Taken from BP Energy Outlook 2035, p. 80

The Outlook can also be interpreted as suggesting that industrialising countries are responsible for emissions reaching a level that makes dangerous climate change likely. When commenting on Christof Rühl’s talk, environmental economist Paul Ekins, Professor of Resources and Environmental Policy and Director at the UCL Institute for Sustainable Resources, pointed out that the BP forecast graph depicting emissions by regions (see above) may be taken to suggest that the emissions cuts (compared to a baseline scenario) necessary for being in line with the International Energy Agency scenario “consistent with the goal of limiting the global increase in temperature to 2°C” (IEA 450 scenario)15 would need to come from non-OECD developing countries. Yet, in order to make limiting emissions palatable for developing countries, OECD countries clearly need to take the lead.
Considering that the OECD member countries have a joint population of 1,257 million in 201216, with the global population exceeding 7 billion 17, a mere stabilisation of OECD emissions seems hardly adequate. Differences in capabilities as well as historical responsibility clearly mandate a pioneering role in decarbonisation for industrialised countries. While lower demand from industrialised countries for fossil fuels makes them cheaper and thus raises incentives for industrialising countries to rely on them, lower prices also make future exploration and extraction efforts less attractive. As investment for renewables increases in industrialised countries, prices also fall for industrialising countries. It is far from clear that OECD countries’ climate action would be insufficient for remaining below the 2C target. Even if the target was exceeded, such action would be far from futile. If rich countries pioneer low carbon infrastructures, this will also help industrialising countries to rein in their appetite for fossil fuels.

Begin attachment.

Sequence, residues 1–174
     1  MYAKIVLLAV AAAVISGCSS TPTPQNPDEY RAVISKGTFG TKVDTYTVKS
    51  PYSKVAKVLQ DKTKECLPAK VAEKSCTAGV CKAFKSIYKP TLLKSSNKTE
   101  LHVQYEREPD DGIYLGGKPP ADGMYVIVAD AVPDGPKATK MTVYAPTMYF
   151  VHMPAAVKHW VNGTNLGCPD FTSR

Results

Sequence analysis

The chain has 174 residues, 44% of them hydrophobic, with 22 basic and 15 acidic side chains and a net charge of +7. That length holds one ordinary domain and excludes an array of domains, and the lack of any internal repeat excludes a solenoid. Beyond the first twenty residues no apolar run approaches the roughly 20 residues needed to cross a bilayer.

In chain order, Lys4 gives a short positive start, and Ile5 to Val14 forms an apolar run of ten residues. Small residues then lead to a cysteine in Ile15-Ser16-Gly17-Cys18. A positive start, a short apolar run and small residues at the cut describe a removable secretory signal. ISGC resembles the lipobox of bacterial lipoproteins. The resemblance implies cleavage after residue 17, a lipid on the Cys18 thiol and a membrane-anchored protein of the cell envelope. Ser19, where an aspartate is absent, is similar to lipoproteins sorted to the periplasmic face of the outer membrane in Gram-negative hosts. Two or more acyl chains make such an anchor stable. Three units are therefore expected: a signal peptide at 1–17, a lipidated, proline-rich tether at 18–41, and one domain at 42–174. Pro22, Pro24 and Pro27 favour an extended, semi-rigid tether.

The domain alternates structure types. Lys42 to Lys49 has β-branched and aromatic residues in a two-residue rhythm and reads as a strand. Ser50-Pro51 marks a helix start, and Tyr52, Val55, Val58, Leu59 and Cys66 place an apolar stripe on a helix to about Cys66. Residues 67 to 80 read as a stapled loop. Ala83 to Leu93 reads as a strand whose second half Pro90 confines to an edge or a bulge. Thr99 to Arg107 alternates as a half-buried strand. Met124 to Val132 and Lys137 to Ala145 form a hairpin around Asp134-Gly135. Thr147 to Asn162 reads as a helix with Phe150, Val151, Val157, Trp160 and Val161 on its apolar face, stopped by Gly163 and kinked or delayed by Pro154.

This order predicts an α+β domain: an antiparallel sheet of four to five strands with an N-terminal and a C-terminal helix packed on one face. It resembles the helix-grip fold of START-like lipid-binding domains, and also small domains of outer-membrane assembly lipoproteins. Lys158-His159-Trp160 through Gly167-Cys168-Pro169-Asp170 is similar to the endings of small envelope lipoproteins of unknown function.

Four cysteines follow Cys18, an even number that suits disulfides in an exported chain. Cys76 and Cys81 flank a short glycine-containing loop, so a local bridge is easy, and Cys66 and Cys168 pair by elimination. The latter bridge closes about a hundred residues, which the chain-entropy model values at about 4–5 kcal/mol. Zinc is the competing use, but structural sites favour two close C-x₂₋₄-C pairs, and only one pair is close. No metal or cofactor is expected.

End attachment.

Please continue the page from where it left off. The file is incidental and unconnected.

The BP Energy Outlook 2035 suggests to solely give a realistic forecast18. Yet BP forecasts a reality it helps to create. And its forecast further bolsters investments into this kind of reality. BP’s sense of realism is a confidence in its own prospects. While much can be learned from the data, the way it is presented supports fatalism, helps to keep up share prices and aims to provide legitimacy to further fossil fuel exploration and extraction. It provides the rationale for betting on dangerous climate change.